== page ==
State of Washington, et al v. Donald J. Trump, et al

Filing 28

Filed (ECF) Appellees State of Washington and State of Minnesota response opposing motion ([14] Motion (ECF Filing), [14] Motion (ECF Filing) motion to stay lower court action). Date of service: 02/06/2017. [10302892] [17-35105]--[COURT UPDATE: Replaced PDF of exhibits with redacted version. 02/07/2017 by RY] (Purcell, Noah) [Entered: 02/06/2017 12:51 AM]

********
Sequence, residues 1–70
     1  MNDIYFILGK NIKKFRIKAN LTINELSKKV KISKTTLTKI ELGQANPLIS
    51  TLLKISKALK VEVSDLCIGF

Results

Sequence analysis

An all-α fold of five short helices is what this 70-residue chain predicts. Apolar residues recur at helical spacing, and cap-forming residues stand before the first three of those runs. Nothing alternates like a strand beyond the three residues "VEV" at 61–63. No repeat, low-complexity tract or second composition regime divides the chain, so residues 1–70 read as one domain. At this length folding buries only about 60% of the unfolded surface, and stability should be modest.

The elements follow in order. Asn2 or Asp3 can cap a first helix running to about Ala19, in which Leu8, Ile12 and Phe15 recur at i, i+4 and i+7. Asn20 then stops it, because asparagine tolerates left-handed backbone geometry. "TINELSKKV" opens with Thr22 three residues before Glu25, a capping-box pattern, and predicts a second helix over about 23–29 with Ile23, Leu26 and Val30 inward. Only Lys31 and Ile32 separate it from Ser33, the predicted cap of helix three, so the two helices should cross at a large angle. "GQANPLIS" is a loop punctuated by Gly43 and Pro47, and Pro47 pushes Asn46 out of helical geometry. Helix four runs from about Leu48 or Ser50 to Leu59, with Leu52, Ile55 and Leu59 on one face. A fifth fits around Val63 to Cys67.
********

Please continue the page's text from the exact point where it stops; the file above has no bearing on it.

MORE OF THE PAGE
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NO. 17-35105 UNITED STATES COURT OF APPEALS FOR THE NINTH CIRCUIT STATES OF WASHINGTON AND MINNESOTA, Plaintiffs-Appellees, v. DONALD TRUMP, President of the United States, et al., Defendants-Appellants. ON APPEAL FROM THE UNITED STATES DISTRICT COURT WESTERN DISTRICT OF WASHINGTON AT SEATTLE No. 2:17-cv-00141 The Honorable JAMES L. ROBART United States District Court Judge STATES’ RESPONSE TO EMERGENCY MOTION UNDER CIRCUIT RULE 27-3 FOR ADMINISTRATIVE STAY AND MOTION FOR STAY PENDING APPEAL ROBERT W. FERGUSON, WSBA 26004 Attorney General NOAH G. PURCELL, WSBA 43492 Solicitor General ANNE E. EGELER, WSBA 20258 Deputy Solicitor General COLLEEN M. MELODY, WSBA 42275 Civil Rights Unit Chief MARSHA CHIEN WSBA 47020 PATRICIO A. MARQUEZ WSBA 47693 Assistant Attorneys General Washington State Office of the Attorney General 800 Fifth Avenue, Suite 2000 Seattle, WA 98104 (206) 464-7744 LORI SWANSON Attorney General of Minnesota ALAN I. GILBERT, MN #0034678 Solicitor General JACOB CAMPION, MN #0391274 Assistant Attorney General Office of the Attorney General 445 Minnesota Street, Suite 1100 St. Paul, MN 55101 (651) 757-1450 TABLE OF CONTENTS I. INTRODUCTION ................................................................................1 II. BACKGROUND ..................................................................................1 III. ARGUMENT .......................................................................................5 A. Defendants’ Appeal is Procedurally Improper .....................................5 B. If the Court Considers the Appeal, Defendants’ Burden is High and the Standard of Review Deferential..............................................6 C. Defendants Cannot Show Irreparable Harm from the TRO When it Simply Reinstates the Status Quo....................................................7 D. Defendants Are Unlikely to Succeed on Appeal Because the District Court Acted Within its Discretion ..........................................8 1. Courts can review the legality of executive action and the executive’s true motives..............................................................9 2. The States have standing ........................................................... 11 a. Proprietary standing............................................................ 11 b. Parens Patriae standing ...................................................... 13 3. The States’ claims have merit .................................................... 14 a. Defendants are unlikely to prevail against the States’ Due Process claim .............................................................. 14 b. Defendants are unlikely to prevail against the States’ Establishment Clause claim ................................................. 18 c. Defendants are unlikely to prevail against the States’ Equal Protection claim ........................................................ 20 i d. Defendants are unlikely to prevail against the States’ INA claim ......................................................................... 21 4. A nationwide TRO was appropriate............................................ 23 E. A Stay Would Harm the States and the Public Interest........................ 24 IV. CONCLUSION .................................................................................. 25 ii I. INTRODUCTION On January 27, President Trump unleashed chaos by signing the Executive Order at issue here. Within 72 hours, the State of Washington (quickly joined by Minnesota) had filed a complaint and motion for temporary restraining order (TRO), detailing the extraordinary and irreparable harms the Order was inflicting on our States and our people. After hearing from Defendants, the district court entered the TRO, finding that the States had met their burden to obtain that relief. The effects of the TRO were positive and immediate, as immigration procedures began to return to normal, families reunited, stranded students and faculty began returning to our States, and longtime State residents were able to return to their homes. Defendants now ask this Court to unleash chaos again by staying the district court order. The Court should decline. Defendants’ appeal is improper, their burden to obtain a stay is high and unmet, and their arguments fail. II. BACKGROUND Donald Trump campaigned on the promise to impose “a total and complete shutdown of Muslims entering the United States.” ECF 18 ¶ 42-43.1 He repeatedly defended and reiterated this promise. ECF 18 ¶¶ 44-46. 1 All ECF citations are to the district court docket numbers. 1 Shortly after taking office, President Trump signed an Executive Order entitled “Protecting the Nation from Foreign Terrorist Entry into the United States” (“the Order”). ECF 18 ¶ 49. The Order radically changes U.S. immigration policy, imposing a 120-day moratorium on the refugee resettlement program; indefinitely suspending entry of Syrian refugees; and suspending for 90 days entry of anyone from seven majority-Muslim countries: Iran, Iraq, Libya, Somalia, Sudan, Syria, and Yemen. ECF 18 ¶¶ 49-52. President Trump subsequently stated his intent to prioritize Christians in the Middle East for admission as refugees. ECF 18 ¶ 53. The Order had immediate and significant effects in Washington. Over 7,000 noncitizen immigrants from the affected countries reside in Washington. ECF 18 ¶ 11; ECF 4 ¶ 7, Ex. A. Those who were abroad were blocked from returning home. ECF 33 ¶¶ 7-8. Husbands were separated from wives, brothers from sisters, and parents from their children. ECF 18 ¶¶ 21-23; ECF 33 ¶ 5, 9. Some who had waited decades to see family members had that reunion taken away without warning or reason. ECF 18 ¶ 21; see also e.g., ECF 8 ¶¶ 11-13; ECF 33 ¶¶ 5-9; ECF 43 ¶¶ 5-9. Washington’s economy was also immediately impacted. Washington receives substantial sales tax revenue every year from travelers from the 2 countries covered by the Order’s travel ban, and immediately began losing some of that revenue. See ECF 17 ¶¶ 3-11. Washington-based travel company Expedia began incurring costs assisting its customers who were suddenly banned from travel to the United States. ECF 7 ¶¶ 12-14, 20. Washington companies Amazon, Expedia, and Microsoft depend on skilled immigrants, and the Order diminished their ability to recruit. ECF 18 ¶¶ 12-17; ECF 6 ¶¶ 3-4, 11; ECF 7 ¶¶ 7, 9, 21. As a result of the order, many employees were unable to travel internationally, impairing business operations. ECF 7 ¶¶ 15-20; ECF 6 ¶¶ 7-11; ECF 18 ¶¶ 14-15. The Order also caused immediate harm to Washington’s public universities, which are state agencies. Hundreds of their faculty, staff, and students are from the affected countries. ECF 18 ¶ 28; ECF 9 ¶ 5; ECF 5 ¶ 5; ECF 17-3 ¶¶ 4, 6; ECF 17-2 ¶ 10; ECF 17-4 ¶ 5. The Order instantly stranded some faculty and students overseas, prevented others from traveling for research and scholarship, and harmed the universities’ missions. ECF 9 ¶¶ 6-8; ECF 5 ¶¶ 6-9. ECF 17-4 ¶¶ 6-7. Due to these immediate and serious harms, Washington filed a complaint and motion for TRO. ECF 3. Minnesota soon joined, alleging similar harms. ECF 18 ¶¶ 30-36. 3 On February 3, the district court held a hearing on the States’ motion. The Court granted the motion and entered a TRO barring Defendants from enforcing several sections of the Order. ECF 52. The Court stated its intent to promptly hold a hearing on the States’ forthcoming motion for preliminary injunction and ordered the parties to propose a briefing schedule by the next business day. ECF 52 at 6. The State proposed a briefing schedule to Defendants. Decl. of N. Purcell In Support of State of Washington’s Response to Emergency Motion for Stay Pending Appeal, Ex. K. Following entry of the TRO, the State Department declared that it was restoring visas that had been revoked under the Executive Order. Id. Exs. A, B. It also stated that refugees could begin arriving as soon as Monday. Id. Exs. C, D. The Department of Homeland Security started processing travelers with visas as normal and resumed standard inspection procedures. Id. Exs. E, B, F. Customs and Border Protection directed that nationals of the seven affected countries and all refugees presenting a valid visa or green card be permitted to travel to the United States. Id. Ex. G. Airlines announced that they will allow travelers from the seven nations to board flights. Id. Exs. G, H, I, J, B, D. On February 4, travelers from the previously banned countries began arriving at 4 U.S. airports. Id. Ex. B. More travelers are expected in the coming days. Id. Ex. B. On February 4, Defendants filed a notice of appeal and motion for stay pending appeal. III. ARGUMENT The Court should deny Defendants’ Motion to Stay as procedurally improper and wrong on the merits. A. Defendants’ Appeal is Procedurally Improper Defendants acknowledge that TROs are generally non-appealable. Motion at 8. But they claim a right to appeal here because the order, in their view, is akin to a preliminary injunction. Id. Not so. In cases where this Court has treated a TRO as a preliminary injunction, the parties had a full opportunity to brief issues and often put on evidence, and the order extended for lengthy periods. See, e.g., SEIU v. Nat’l Union of Healthcare Workers, 598 F.3d 1061, 1067 (9th Cir. 2010) (months passed between complaint and TRO, and TRO was entered after 2-day evidentiary hearing). Here, by contrast, Washington filed its complaint and motion simultaneously, the TRO expressly ends when “the court can hear and decide the States’ request for a preliminary injunction,” ECF 52 at 5, and the States 5 have proposed a schedule that would allow a hearing within 15 days of the TRO’s entry. Purcell Dec. Ex. K. The Court should wait to review an order at that time, not prematurely take up this one. B. If the Court Considers the Appeal, Defendants’ Burden is High and the Standard of Review Deferential If the Court deems this order reviewable, Defendants bear the heavy burden of showing (1) a strong likelihood of success on the merits, (2) the likelihood of irreparable injury if relief is not granted, (3) a balance of hardships favoring Defendants, and (4) that reinstating the Executive Order is in the public interest. See Hilton v. Braunskill, 481 U.S. 770, 776 (1987). In assessing these factors, this Court reviews the district court order for abuse of discretion. American Hotel and Lodging Assoc. v. Los Angeles, 834 F.3d 958, 962 (9th Cir. 2016). The review is “limited and deferential, and does not extend to the underlying merits of the case.” Southwest Voter Registration Ed. Project v. Shelley, 344 F.3d 914, 918 (9th Cir. 2003) (en banc). “If the underlying constitutional question is close” the Court “should uphold the injunction and remand for trial on the merits.” Ashcroft v. Am. Civil Liberties Union, 542 U.S. 656, 664-65 (2004). 6 C. Defendants Cannot Show Irreparable Harm from the TRO When it Simply Reinstates the Status Quo Defendants concede that they must show “a likelihood that [they] will be irreparably harmed absent a stay.” Motion at 8 (quoting Hilton, 481 U.S. at 776). But they offer no evidence that the time-limited TRO will cause irreparable harm. In purporting to identify “facts” showing “the existence and nature of the emergency” justifying their motion, Defendants resort to highlevel references to “separation of powers,” “harms [to] the public by thwarting Enforcement of an Executive Order,” and the so-called harm of “secondguess[ing] the President’s national security judgment.” Motion at ii. These purported harms fail to justify a stay. First, separation-of-powers concerns do not automatically establish irreparable harm. See, e.g., Lopez v. Heckler, 713 F.2d 1432, 1434 (9th Cir. 1983) (declining to stay district court order “restrain[ing]” the Secretary of Health and Human Services from implementing an announced policy where “separation of powers” was at issue). And Defendants cannot plausibly allege that they suffer harm from being required to comply with the law, even where they assert national security concerns. See, e.g., Holder v. Humanitarian Law Proj., 561 U.S. 1, 34 (2010) (“Our precedents . . . make clear that national security and foreign relations do not warrant abdication of the judicial role.”). 7 Second, Defendants’ argument amounts to claiming that returning to the pre-Executive Order status quo would inflict irreparable harm. But that would mean that until the Order was issued, Defendants were suffering some unspecified, ongoing irreparable harm. That makes no sense. As this court has held, preserving the status quo against sudden disruption is often in the interest of all parties. See Feldman v. Ariz. Sec’y of State’s Office, 843 F.3d 366, 369370 (9th Cir. 2016) (en banc) (“preserv[ing] the status quo” to avoid the “disruption” of a change in law pending review). That is precisely what the TRO accomplishes here, stopping implementation of portions of the Order until the district court determines whether they are lawful. While the Order is reviewed, refugees and immigrants from the banned countries will continue to undergo the rigorous screening processes that already existed prior to the Order. Decl. of Nat’l Sec. Officials ¶ 6. Defendants nowhere explain how reinstating a total ban is necessary to avoid irreparable injury. Id. ¶¶ 3-5 (concluding the Executive Order is likely to weaken, not strengthen, national security). D. Defendants Are Unlikely to Succeed on Appeal Because the District Court Acted Within its Discretion Defendants concede that to justify a stay they must also prove “a strong likelihood of success on appeal.” Motion at 8 (quoting Hilton, 481 U.S. at 776). 8 They cannot. The district court correctly concluded that the States “have shown that they are likely to succeed on the merits of the claims that would entitle them to relief.” ECF 52 at 4. 2 1. Courts can review the legality of executive action and the executive’s true motives Defendants offer two threshold arguments to limit this Court’s review, claiming that invoking national security prohibits meaningful judicial review and that courts cannot examine the Executive’s motives. Both arguments fail. First, courts routinely review executive decisions with far greater security implications than this Order. Even “in matters relating to the actual prosecution of a war,” the courts “exercise their own time-honored and constitutionally mandated roles of reviewing and resolving claims.” Hamdi v. Rumsfeld, 542 U.S. 507, 535 (2004) (plurality opinion); see also id. at 545 (Souter, J., concurring in the judgment); Boumediene v. Bush, 553 U.S. 723 (2008); Korematsu v. United States, 323 U.S. 214, 234 (1944) (Murphy, J., Defendants repeatedly assert that the States bring a “facial” challenge to the Order and thus must demonstrate its invalidity in every possible application. Motion at 2, 9, 18. But the States’ claim is as-applied because the States challenge only portions of the Executive Order. See, e.g., Hoye v. City of Oakland, 653 F.3d 835, 857 (9th Cir. 2011) (“[T]he difference between an asapplied and a facial challenge lies only in whether all or only some of the statute’s subrules (or fact-specific applications) are being challenged.”). 2 9 dissenting) (“Individuals must not be left impoverished of their constitutional rights on a plea of military necessity that has neither substance nor support.”). Second, Defendants cite Kleindienst v. Mandel, 408 U.S. 753 (1972), and Kerry v. Din, 135 S. Ct. 2128 (2015), for the proposition that so long as the President gives a facially legitimate reason for excluding an alien, the courts will not look behind that reason. But those cases dealt with the President’s power to exclude “an unadmitted and nonresident alien,” i.e., someone who had no legal right to be here. Mandel, 408 U.S. at 762; Din, 135 S. Ct. at 2131. This case, by contrast, involves longtime residents who are here and have constitutional rights. Moreover, Justice Kennedy’s controlling opinion in Din held that courts should look behind the stated motives for exclusion even as to a nonresident alien if the plaintiff “plausibly alleged with sufficient particularity” “an affirmative showing of bad faith.” Id. at 2141. See also Cardenas v. United States, 826 F.3d 1164, 1171 (9th Cir. 2016) (same). Here, the State has plausibly alleged with sufficient particularity that the President acted in bad faith in an effort to target Muslims. ECF 18 ¶¶ 42-61. Thus, courts have both the right and the duty to examine Defendants’ true motives. 10 2. The States have standing In establishing standing, states “are not normal litigants,” but instead receive “special solicitude.” Massachusetts v. EPA, 549 U.S. 497, 518, 520 (2007). The States established two independent grounds for Article III standing: (1) harms to their proprietary interests; and (2) harms to their quasisovereign interests. ECF 17 at 2-5. Defendants fail to overcome either basis. Crucially, because this case is at the pleading stage, the States need only “state a plausible claim that [they have] suffered an injury in fact fairly traceable to the actions of the defendant[s] that is likely to be redressed by a favorable decision on the merits.” Humane Soc’y v. Vilsack, 797 F.3d 4, 8 (D.C. Cir. 2015). “[G]eneral factual allegations of injury resulting from the defendant’s conduct may suffice,” and the Court “presumes that general allegations embrace those specific facts that are necessary to support the claim.” Bennett v. Spear, 520 U.S. 154, 168 (1997). a. Proprietary standing The States alleged and submitted evidence that that the Order is harming us by stranding our university students and faculty overseas, preventing university-sponsored faculty and staff from coming here, preventing students and faculty who are here currently from making pre-planned trips for research 11 or scholarship, and decreasing state tax revenue. See infra at 2-3. On this evidence, the district court correctly found that “the States themselves are harmed” by the damage to “their public universities and other institutions of higher learning, as well as injury to the States’ operations, tax bases, and public funds.” ECF 52 at 5. Defendants show no likelihood that this finding is incorrect. Defendants first argue that the harms to state universities are speculative, claiming that the Order’s waiver provisions may allow students and faculty to travel or return. Motion at 10. But in the face of evidence that faculty and students have actually been prevented from travelling, ECF 17-4, Defendants offer no evidence that such waivers will be granted, and concede that some may be denied. Motion at 10. Defendants’ speculative remedies cannot undo the States’ real harms. As to the States’ evidence of lost tax revenue, ECF 17 at 2-3, Defendants never dispute the evidence, instead claiming that lost tax revenue can never establish state standing. But the case law does not support that claim. While Florida v. Mellon, 273 U.S. 12 (1927), determined that the particular tax revenues at issue there were speculative, courts have repeatedly found lost tax revenues sufficient to establish proprietary standing. See, e.g., Sausalito v. 12 Oneill, 386 F.3d 1186, 1198 (9th Cir. 2004) (holding that lost property and sales tax revenues caused by increased traffic established standing without any numeric quantification of the harm). And in Texas v. United States, 787 F.3d 733 (5th Cir. 2015), the court found that a change in immigration policy that would increase state expenditures created standing. If increased expenditures create standing, there is no logical reason why decreased revenues should not. b. Parens Patriae standing The States also alleged and offered evidence that the Order is inflicting grievous harms on our residents. ECF 17 at 4 (citing ECF 8 ¶¶ 6-14; ECF 18 ¶¶ 18-23, 31-36). Based on this evidence, the district court correctly concluded that: “The Executive Order adversely affects the States’ residents in areas of employment, education, business, family relations, and freedom to travel. These harms extend to the States by virtue of their roles as parens patriae.” ECF 52 at 4-5. Defendants never meaningfully dispute these harms, instead arguing that parens patriae suits against the federal government are never permitted under Massachusetts v. Mellon, 262 U.S. 447 (1923). Not so. Mellon expressly recognized that it did not prohibit state actions—such as this one—seeking to protect quasi-sovereign interests. See id. at 481-82, 485; see also Massachusetts, 549 U.S. at 520 n.17 (same). Mellon also pointed 13 out that it did not bar all parens suits challenging the United States’ unconstitutional acts. Mellon, 262 U.S. at 487. More recent Supreme Court decisions confirm the States’ parens standing. In Alfred L. Snapp & Son, Inc. v. Puerto Rico, 458 U.S. 592 (1982), the Court found that states have standing to sue based on discrimination against their residents: “This Court has had too much experience with the political, social, and moral damage of discrimination not to recognize that a State has a substantial interest in assuring its residents that it will act to protect them from these evils.” Id. at 609. And in Massachusetts v. EPA, the Court cemented states’ standing to protect their quasi-sovereign interests, including in actions against the federal government. 549 U.S. at 516-21. The Court rejected the broad reading of Mellon advocated by Defendants, id. at 520 n.17, confirming that a state can assert standing to protect its citizens when the federal government violates federal law. 3. The States’ claims have merit a. Defendants are unlikely to prevail against the States’ Due Process claim The Order violates due process in several ways and the States’ claim is very likely to succeed. 14 First, the Order denies entry to the United States of all persons from the seven countries, regardless of whether they have lived legally in this country for years.3 Thus, our States’ residents from these countries who travel abroad will be deported if they attempt to re-enter this county, and those who remain will be forced to forego international travel to avoid that devastating result. This draconian restriction violates due process. The Fifth Amendment protects all persons in the United States “from deprivation of life, liberty, or property without due process of law,” regardless of immigration status. Mathews v. Diaz, 426 U.S. 67, 69, 77 (1976); Zadvydas v. Davis, 533 U.S. 678, 693 (2001). A temporary absence from the country does not deprive longtime residents of their right to due process. See, e.g., Landon v. Plasencia, 459 U.S. 21, 33 (1982) (“[T]he returning resident alien is entitled as a matter of due process to a hearing on the charges underlying any attempt to exclude him.”) (internal citation omitted); Kwong Hai Chew v. Colding, 344 U.S. 590, 601 (1953). 3 After taking a dizzying number of positions, Defendants landed on the view that the travel ban “does not apply to lawful permanent residents.” See Mot. at 6. Nonetheless, the text of the Order remains unchanged, and the States’ challenge to that portion of Section 3(c) is not moot. See White v. Lee, 227 F.3d 1214, 1243 (9th Cir. 2000) (mootness based on voluntary cessation is a “stringent” standard). 15 Due process requires that lawful permanent residents and visaholders not be denied re-entry to the United States without “at a minimum, notice and an opportunity to respond.” United States v. Raya-Vaca, 771 F.3d 1195, 1204 (9th Cir. 2014). A resident denied re-entry must receive a “full and fair hearing of his claims” and “a reasonable opportunity to present evidence on his behalf.” Colmenar v. I.N.S., 210 F.3d 967, 971 (9th Cir. 2000); Gutierrez v. Holder, 662 F.3d 1083, 1091 (9th Cir. 2011). The Order’s denial of re-entry to all visaholders and lawful permanent residents from the impacted countries, without an opportunity to be heard, violates these principles. The Order also deprives noncitizen residents of our States of the right to travel, a constitutionally protected liberty interest. Kent v. Dulles, 357 U.S. 116, 125-26 (1958) (holding that Secretary of State could not deny passports to Communists on the basis that the right to travel abroad is a constitutionally protected liberty interest). Defendants never contest these principles. Instead, they argue that the Order will not really affect our States’ residents, and that states cannot raise due process claims, citing South Carolina v. Katzenbach, 383 U.S. 301 (1966). But the States have alleged and offered evidence that many state residents, 16 including students and faculty at public universities, are being harmed by the Order. Defendants cannot wish that away. Moreover, unlike in Katzenbach, the States here assert proprietary harms. Where, as here, a state asserts harms to students and faculty at its institutions, the State should be allowed—just like any other proprietor of educational institutions—to raise due process claims on their behalf. See, e.g., Pierce v. Soc’y of Sisters, 268 U.S. 510 (1925); Parks Sch. of Bus., Inc. v. Symington, 51 F.3d 1480, 1487 (9th Cir. 1995) (holding that school had standing to challenge harm to students that impacted school); Ohio Ass’n of Indep. Schs. v. Goff, 92 F.3d 419, 422 (6th Cir. 1996) (same); see also Bd. of Nat. Res. of State of Wash. v. Brown, 992 F.2d 937, 943 (9th Cir. 1993). Even as to the States’ parens claims, Katzenbach does not control. Katzenbach cited Mellon in holding that South Carolina could not use its parens authority to challenge a federal statute. 383 U.S. at 323-24. But in Massachusetts v. EPA, the Court clarified that “there is a critical difference between allowing a State to protect her citizens from the operation of federal statutes (which is what Mellon prohibits) and allowing a State to assert its rights under federal law (which it has standing to do).” 549 U.S. at 520 n.17. Here, the States seek not to protect our residents from federal statutes, but to 17 protect our residents against Defendants’ violations of federal law. This is what States “ha[ve] standing to do.” Id. b. Defendants are unlikely to prevail against the States’ Establishment Clause claim The State has alleged and offered substantial evidence even before discovery that the Executive Order violates the Establishment Clause because its purpose and effect are to favor one religion. “The clearest command of the Establishment Clause is that one religious denomination cannot be officially preferred over another.” Larson v. Valente, 456 U.S. 228, 244 (1982). In Larson, the law at issue did not mention any religious denomination, but drew a distinction between religious groups based on facially neutral criteria. Id. at 231-32. The Court nonetheless applied strict scrutiny because the law was focused on religious entities and had the effect of favoring some. Id. at 246-47. Larson applies here. The Order’s refugee provisions explicitly distinguish between members of religious faiths. President Trump has made clear that one purpose of the Order is to favor Christian refugees at the expense of Muslims. ECF 18 ¶ 53, Ex. 8. And the States have plausibly alleged that the countries chosen for the travel ban were chosen in part to disfavor Muslims. 18 ECF 18 ¶ 61, Ex. 17. This case thus involves just the sort of discrimination among denominations that failed strict scrutiny in Larson, and must fail here.4 Defendants claim that the Order “is neutral with respect to religion.” Motion at 19. “But it is . . . the duty of the courts to distinguish a sham secular purpose from a sincere one.” Sante Fe Indep. Sch. Dist. v. Doe, 530 U.S. 290, 308 (2000); McCreary County, Ky. v. Am. Civil Liberties Union of Ky., 545 U.S. 844, 864 (2005) (citing Lemon v. Kurtzman, 403 U.S. 602, 612 (1971)). Here, the sham of a secular purpose is exposed by both the language of the Order and Defendants’ expressions of anti-Muslim intent. See, e.g., McCreary, 545 U.S. at 866 (courts consider the “historical context” of the government act and “the specific sequence of events leading to [its] passage”). Unable to respond on the merits, Defendants claim that States cannot raise Establishment Clause claims themselves or as parens patriae. Motion at 11 n.4. But they cite no authority for these propositions. And one purpose of the Establishment Clause was to protect States against the federal government 4 Even under the less demanding Lemon test, the Order is unconstitutional. See ECF 19-1 at 12-14. 19 adopting a national religion. 5 There is no reason to bar States from enforcing that right, whether on their own behalf or as parens patriae. c. Defendants are unlikely to prevail against the States’ Equal Protection claim The States are likely to prevail on our equal protection claim because the Executive Order is motivated by discriminatory animus and cannot survive any level of review. Classifications based on religion are inherently suspect and subject to strict scrutiny. City of New Orleans v. Dukes, 427 U.S. 297, 303 (1976). The Order specifies that Defendants will give priority to refugee claims “on the basis of religious-based persecution,” but only if “the religion of the individual is a minority religion in the individual’s country of nationality.” Sec. 5(b). The State has plausibly alleged and offered evidence that this policy change and the list of countries targeted by the Order were intended to disfavor Muslims. The States need not show that intent to discriminate against Muslims “was the sole purpose of the challenged action, but only that it was a ‘motivating factor.” Arce v. Douglas, 793 F.3d 968, 977 (9th Cir. 2015). 5 See, e.g., Richard Albert, The Constitutional Politics of the Establishment Clause, 87 CHI.-KENT L. REV. 867, 874 (2012); Separation of Church & State Comm. v. City of Eugene, 93 F.3d 617, 621 (9th Cir. 1996) (O’Scannlain, J., concurring) (“[C]oncerns about federalism . . . motivated ratification of the Establishment Clause.”). 20 Even if the Order did not make suspect classifications, it would be illegal because “its sheer breadth is so discontinuous with the reasons offered for it that the [Order] seems inexplicable by anything but animus toward the class it affects.” Romer v. Evans, 517 U.S. 620, 632 (1996). For several months it bans all travelers from the listed countries and all refugees, whether they be infants, schoolchildren, or grandparents. And though it cites the attacks of September 11, 2001, as a rationale, it imposes no restrictions on people from the countries whose nationals carried out those attacks. “It is at once too narrow and too broad,” id. at 633, and cannot withstand any level of scrutiny. See, e.g., United States v. Windsor, 133 S. Ct. 2675, 2693 (2013) (“The Constitution’s guarantee of equality must at the very least mean that a bare [legislative] desire to harm a politically unpopular group cannot justify disparate treatment of that group.”). d. Defendants are unlikely to prevail against the States’ INA claim 8 U.S.C. § 1152(a)(1)(A) states: “no person shall receive any preference or priority or be discriminated against in the issuance of an immigrant visa because of race, nationality, place of birth, or place of residence.” Defendants argue that the national origin discrimination embodied in the Executive Order is nonetheless justified under Section 1182(f), which allows the President to suspend entry of aliens detrimental to the interests of the United States, and 21 that such immigration decisions are “generally shielded from administrative or judicial review.” Mot. at 12. Neither argument is persuasive. Section 1152 was enacted in 1965, thirteen years after Section 1182(f), and it enumerates specific exceptions that do not include Section 1182(f). Congress specified exactly when federal officials could take nationality into account: “as specifically provided in paragraph (2) and in sections 1101(a)(27), 1151(b)(2)(A)(i), and 1153 of this title.” 8 U.S.C. § 1152(a)(1)(A). None of these narrow exceptions apply here; and by enumerating those few exemptions, Congress made clear it did not intend to authorize others. 6 See, e.g., United Dominion Indus. v. United States, 532 U.S. 822, 836 (2001) (describing expressio unius canon). Further, despite Defendants’ references to “plenary” power over immigration, Motion at 4—which actually resides with Congress, see U.S. Const., Article I, § 8—the President’s authority under Section 1182(f) is judicially reviewable. See Zadvydas, 533 U.S. at 698 (holding the political branches’ power “is subject to important constitutional limitations”); Diouf v. Although Defendants argue that “courts have repeatedly affirmed” the President’s authority to make distinctions based on nationality, Motion at 13, none of the cases Defendants cite raised Section 1152. 6 22 Napolitano, 634 F.3d 1081, 1091 (9th Cir. 2011) (refusing to defer to DHS’s regulations because the regulations “raise[d] serious constitutional concerns”). Before now, no President has invoked 1182(f) to impose a categorical bar on admission based on a generalized (and unsupported) claim that some members of a class might engage in misconduct. Cf. Pres. Procl. 5517, 1986 WL 796773 (Aug. 22, 1986) (barring entry of certain Cuban nationals, with many categorical exceptions). The Order flouts Congress’s clear command prohibiting nationality-based discrimination. 4. A nationwide TRO was appropriate Defendants offer a halfhearted argument that a nationwide injunction was inappropriate, but they offer no plausible narrower order that would have provided the relief the States sought. In any event, nationwide relief was well within the district court’s discretion given that (1) Congress and the courts have emphasized the importance of uniformity in immigration policies; and (2) nationwide relief was necessary to ensure that the States’ residents were not stopped at other ports of entry around the country on their way to Washington or Minnesota. See, e.g., Texas, 787 F.3d at 768-69 (affirming nationwide injunction to ensure uniformity and provide full relief). 23 E. A Stay Would Harm the States and the Public Interest The States have detailed at length the harms we suffered under the Order. Staying the district court’s ruling would reinstitute those harms, separating families, stranding our university students and faculty, and barring travel. Defendants claim that national security requires these harms, but the Court need not and should not allow constitutional violations merely based on Defendant’s unsupported invocation of national security concerns. See Decl. of Nat’l Sec. Officials ¶ 4; Hassan v. City of New York, 804 F.3d 277, 306-07 (3d Cir. 2015) (“[I]t is often where the asserted interest appears most compelling that we must be most vigilant in protecting constitutional rights.”). In any event, the balance of equities and public interest always favor “prevent[ing] the violation of a party’s constitutional rights.” Melendres v. Arpaio, 695 F.3d 990, 1002 (9th Cir. 2012). /// /// /// 24 IV. CONCLUSION For the reasons above, the Court should deny Defendants’ request for stay. RESPECTFULLY SUBMITTED this 6th day of February 2017. ROBERT W. FERGUSON, WSBA 26004 Attorney General NOAH G. PURCELL, WSBA 43492 Solicitor General ANNE E. EGELER, WSBA 20258 Deputy Solicitor General COLLEEN M. MELODY, WSBA 42275 Civil Rights Unit Chief MARSHA CHIEN WSBA 47020 PATRICIO MARQUEZ WSBA 47693 Assistant Attorneys General Washington State Office of the Attorney General 800 Fifth Avenue, Suite 2000 Seattle, WA 98104 (206) 464-7744 LORI SWANSON Attorney General of Minnesota ALAN I. GILBERT, MN #0034678 Solicitor General JACOB CAMPION, MN #0391274 Assistant Attorney General Office of the Attorney General 445 Minnesota Street, Suite 1100 St. Paul, MN 55101 (651) 757-1450 25 STATEMENT OF RELATED CASES Pursuant to Circuit Rule 28-2.6(c) the Appellees state that there are no related cases. 26 CERTIFICATE OF COMPLIANCE (FRAP 32(a)(7)) I certify that pursuant to Fed. R. App. P. 27, the attached answering brief is proportionately spaced, has a typeface of 14 points or more and contains 5,110 words. February 6, 2017 s/ Noah G. Purcell NOAH G. PURCELL, WSBA 43492 27 CERTIFICATE OF SERVICE I hereby certify that on February 6, 2017, I electronically filed the foregoing with the Clerk of the Court of the United States Court of Appeals for the Ninth Circuit by using the appellate CM/ECF system. I certify that all participants in the case are registered CM/ECF users and that service will be accomplished by the appellate CM/ECF system. February 6, 2017 s/ Noah G. Purcell NOAH G. PURCELL, WSBA 43492 28